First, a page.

The Asia Pacific region has undergone fundamental changes in its regional organization and power structure in the post-Cold War era. The region was long perceived as institutionally underdeveloped. Since the 1990s and especially entering the 21st century, however, a wide range of community building initiatives and projects have transformed the dynamics of regional institution-building and major power relations in the region. Currently, the region is far from short of community building projects, the proliferation of which creates challenges such as divergent and sometimes competing mandates and differing notions of membership and scope in regional community building.
The Asia Pacific region is now at a critical juncture as regards building its regional architecture for the future. Currently, the regional community and its institutional architecture are a “work in progress,” gradually taking shape. Starting from the 1960s, there were a few stumbling attempts to construct some sort of formal regional community, but all have failed. In the first decade after the Cold War, regional community building was largely driven by the Asia Pacific Economic Cooperation (APEC) dialogues. But as the APEC-centered trade liberalization schemes ran out of steam in the late 1990s, the gravity of regional community building began to shift to East Asia. It was the Asian Financial Crisis (AFC) of 1997-98 that prompted a new wave of efforts aimed at more tightly connecting countries in the region. Since then numerous community building initiatives and projects have been implemented, including the Association of Southeast Asian Nations Plus Three (ASEAN+3) process, the Chiang Mai Initiative, and the East Asia Summit (EAS). In addition, the region has been home to a series of bilateral and multilateral Free Trade Area (FTA) and Economic Partnership Agreements (EPA). Unlike prior attempts to construct an Asia Pacific regional architecture, these projects were driven by the shared sense of purpose among East Asian countries to construct a more Asian-oriented community, with the emerging ASEAN+3 process as its anchoring framework. As the countries in East Asia have become increasingly interdependent, leaders in the region have become more determined to build a framework for greater regional cooperation and integration. As stipulated in the East Asian Vision Group report in 2001, states across the region (both Northeast and Southeast Asia) should join forces “to move a region of nations to a bona fide regional community where collective efforts are made for peace, prosperity, and progress.”
These new developments in the Asia Pacific region have raised serious questions about future regional architecture. These questions bring up important issues for debate: How should the region accommodate the different region-building projects? How should Asia Pacific countries balance different notions and dynamics in the community building process? What will the Asia Pacific regional architecture look like in the future? No doubt, the implications of emerging community building projects and the challenges they pose to the Asia Pacific regional architecture are not yet entirely clear. To better understand the debate on these issues, this paper attempts to focus on the implications of multiple region-building projects and hybrid regionalism for future regional architecture in the Asia Pacific region.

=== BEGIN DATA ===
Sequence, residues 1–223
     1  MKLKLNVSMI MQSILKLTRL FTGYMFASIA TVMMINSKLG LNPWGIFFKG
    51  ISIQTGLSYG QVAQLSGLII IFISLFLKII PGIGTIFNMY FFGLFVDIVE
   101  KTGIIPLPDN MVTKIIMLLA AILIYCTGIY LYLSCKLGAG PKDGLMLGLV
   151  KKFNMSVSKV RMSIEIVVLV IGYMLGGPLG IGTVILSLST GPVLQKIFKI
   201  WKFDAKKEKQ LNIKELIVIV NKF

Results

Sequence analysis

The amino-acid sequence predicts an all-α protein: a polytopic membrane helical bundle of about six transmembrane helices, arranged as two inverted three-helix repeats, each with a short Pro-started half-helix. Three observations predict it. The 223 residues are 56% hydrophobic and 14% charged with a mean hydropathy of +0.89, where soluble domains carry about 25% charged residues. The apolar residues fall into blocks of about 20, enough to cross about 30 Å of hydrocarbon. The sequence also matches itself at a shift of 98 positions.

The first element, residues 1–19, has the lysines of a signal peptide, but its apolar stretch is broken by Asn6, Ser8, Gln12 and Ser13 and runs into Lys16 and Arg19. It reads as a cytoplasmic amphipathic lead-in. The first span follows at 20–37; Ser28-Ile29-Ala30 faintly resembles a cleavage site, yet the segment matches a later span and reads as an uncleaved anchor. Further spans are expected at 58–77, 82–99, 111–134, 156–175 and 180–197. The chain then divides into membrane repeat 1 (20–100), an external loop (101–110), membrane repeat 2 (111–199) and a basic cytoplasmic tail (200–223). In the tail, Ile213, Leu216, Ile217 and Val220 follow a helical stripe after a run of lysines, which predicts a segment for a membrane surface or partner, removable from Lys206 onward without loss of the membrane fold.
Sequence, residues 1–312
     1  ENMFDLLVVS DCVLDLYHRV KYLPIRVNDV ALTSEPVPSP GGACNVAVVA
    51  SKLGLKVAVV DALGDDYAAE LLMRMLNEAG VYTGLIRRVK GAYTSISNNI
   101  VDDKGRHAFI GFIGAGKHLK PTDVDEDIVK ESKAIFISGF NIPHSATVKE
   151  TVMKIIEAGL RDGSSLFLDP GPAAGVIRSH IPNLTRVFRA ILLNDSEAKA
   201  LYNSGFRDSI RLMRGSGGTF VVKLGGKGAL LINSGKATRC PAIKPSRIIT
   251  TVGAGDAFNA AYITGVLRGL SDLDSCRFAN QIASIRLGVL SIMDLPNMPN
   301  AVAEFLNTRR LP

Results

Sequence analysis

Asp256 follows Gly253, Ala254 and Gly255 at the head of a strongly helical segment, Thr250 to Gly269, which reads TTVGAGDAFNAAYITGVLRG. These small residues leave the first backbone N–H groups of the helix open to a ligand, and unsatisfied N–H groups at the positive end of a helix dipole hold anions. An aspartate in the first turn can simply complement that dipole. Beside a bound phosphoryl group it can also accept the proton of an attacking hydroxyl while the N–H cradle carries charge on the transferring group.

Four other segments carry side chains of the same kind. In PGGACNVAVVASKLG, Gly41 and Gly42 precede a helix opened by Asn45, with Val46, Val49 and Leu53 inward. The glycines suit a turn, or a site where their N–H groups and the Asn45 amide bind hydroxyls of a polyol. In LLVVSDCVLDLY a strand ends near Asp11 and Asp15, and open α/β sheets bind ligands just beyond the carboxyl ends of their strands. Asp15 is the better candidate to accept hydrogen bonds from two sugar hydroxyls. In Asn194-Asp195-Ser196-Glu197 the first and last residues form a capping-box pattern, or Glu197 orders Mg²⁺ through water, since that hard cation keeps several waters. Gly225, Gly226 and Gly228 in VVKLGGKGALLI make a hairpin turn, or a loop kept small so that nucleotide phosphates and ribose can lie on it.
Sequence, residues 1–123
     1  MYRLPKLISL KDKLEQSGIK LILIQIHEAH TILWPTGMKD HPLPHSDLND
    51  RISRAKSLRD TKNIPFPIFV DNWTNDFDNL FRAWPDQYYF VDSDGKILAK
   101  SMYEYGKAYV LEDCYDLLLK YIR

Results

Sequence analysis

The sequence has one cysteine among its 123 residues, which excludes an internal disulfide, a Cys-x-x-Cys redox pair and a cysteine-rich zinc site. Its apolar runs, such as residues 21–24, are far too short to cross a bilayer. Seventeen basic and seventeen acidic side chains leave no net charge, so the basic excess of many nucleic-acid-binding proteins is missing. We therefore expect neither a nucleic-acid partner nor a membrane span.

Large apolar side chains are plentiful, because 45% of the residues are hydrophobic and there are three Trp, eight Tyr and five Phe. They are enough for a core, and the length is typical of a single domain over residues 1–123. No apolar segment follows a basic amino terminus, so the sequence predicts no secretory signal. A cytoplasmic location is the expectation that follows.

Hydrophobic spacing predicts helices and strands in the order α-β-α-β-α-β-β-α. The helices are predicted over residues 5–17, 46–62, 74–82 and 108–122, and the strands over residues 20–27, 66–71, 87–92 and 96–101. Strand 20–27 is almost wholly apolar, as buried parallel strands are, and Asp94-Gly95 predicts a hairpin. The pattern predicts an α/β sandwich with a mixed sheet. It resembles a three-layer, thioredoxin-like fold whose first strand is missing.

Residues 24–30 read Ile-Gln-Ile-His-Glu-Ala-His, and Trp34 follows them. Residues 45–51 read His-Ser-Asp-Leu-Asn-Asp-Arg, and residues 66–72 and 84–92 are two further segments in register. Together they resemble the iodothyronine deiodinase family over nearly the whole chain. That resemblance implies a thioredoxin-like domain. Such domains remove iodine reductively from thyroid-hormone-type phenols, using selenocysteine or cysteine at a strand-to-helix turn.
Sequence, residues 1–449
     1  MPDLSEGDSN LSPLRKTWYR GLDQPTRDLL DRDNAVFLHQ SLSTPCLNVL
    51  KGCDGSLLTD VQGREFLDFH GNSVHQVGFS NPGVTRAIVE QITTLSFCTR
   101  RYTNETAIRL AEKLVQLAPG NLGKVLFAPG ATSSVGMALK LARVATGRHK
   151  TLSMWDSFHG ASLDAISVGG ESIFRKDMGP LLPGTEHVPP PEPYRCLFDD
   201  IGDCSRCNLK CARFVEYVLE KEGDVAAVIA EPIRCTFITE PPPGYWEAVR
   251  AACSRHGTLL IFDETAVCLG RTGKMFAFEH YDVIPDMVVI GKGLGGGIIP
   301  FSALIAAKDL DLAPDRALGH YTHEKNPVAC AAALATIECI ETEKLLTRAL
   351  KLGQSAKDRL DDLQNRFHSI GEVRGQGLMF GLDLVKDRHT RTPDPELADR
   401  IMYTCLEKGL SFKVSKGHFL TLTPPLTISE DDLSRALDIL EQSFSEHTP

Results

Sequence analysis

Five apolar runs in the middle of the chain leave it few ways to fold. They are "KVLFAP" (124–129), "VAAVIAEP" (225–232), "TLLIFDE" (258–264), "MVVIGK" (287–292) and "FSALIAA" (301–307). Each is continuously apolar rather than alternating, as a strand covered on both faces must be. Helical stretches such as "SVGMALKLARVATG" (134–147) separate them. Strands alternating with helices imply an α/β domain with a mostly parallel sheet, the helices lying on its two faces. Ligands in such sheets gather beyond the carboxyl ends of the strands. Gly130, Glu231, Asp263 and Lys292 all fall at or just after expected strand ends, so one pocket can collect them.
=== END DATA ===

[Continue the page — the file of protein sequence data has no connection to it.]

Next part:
The notion of regional architecture adopted in this paper refers to a set of regional institutions, mechanisms, and arrangements that together provide necessary functions for regional cooperation. It is a reasonably coherent network of regional organizations, institutions, bilateral and multilateral arrangements, dialogue forums, and other relevant mechanisms that work collectively for regional prosperity, peace, and stability. Regional architecture thus is not a single region-building project, no matter how comprehensive it could be. Instead, the notion of regional architecture underlies the significance of a coherent network of regional organizations, institutional fabrics, and regional community processes in the Asia Pacific. This paper is not about any particular region-building project. Rather, it is about how hybrid regionalism and multiple community building projects in the Asia Pacific help to shape future regional architecture. The implications of hybrid regionalism are complicated for regional community building, and in many ways the future regional architecture is bound to be a multi-layered and multi-textured structure in the region.
 See the EAVG report, Toward an East Asian Community: region of peace, prosperity and progress, p.2. The EAVG was commissioned by the ASEAN+3 leaders in 2000 on a proposal by South Korean President Kim Dae-jung to produce a blueprint for future East Asian community building. The EAVG report, Toward an East Asian Community: region of peace, prosperity and progress, was submitted and endorsed by the ASEAN+3 summit in Brunei on 31 October 2001. The full text of the report is available online at the ASEAN Secretariat’s website, http://www.aseansec.org/pdf/east_asia_vision.pdf.
 Nick Bisley, “Asian Security Architectures,” in Ashley J. Tellis and Michael Wills, eds., Strategic Asia 2007-08: Domestic Political Change and Grand Strategy, (Seattle and Washington, D.C.: National Bureau of Asian Research, 2007), pp.344-45.
I don’t believe the hesitation on [Australia joining the joint maritime exercises] is primarily at this point driven by concerns about provoking China. [Modi’s] government, if anything, domestically has been criticized for taking too many provocative steps towards China.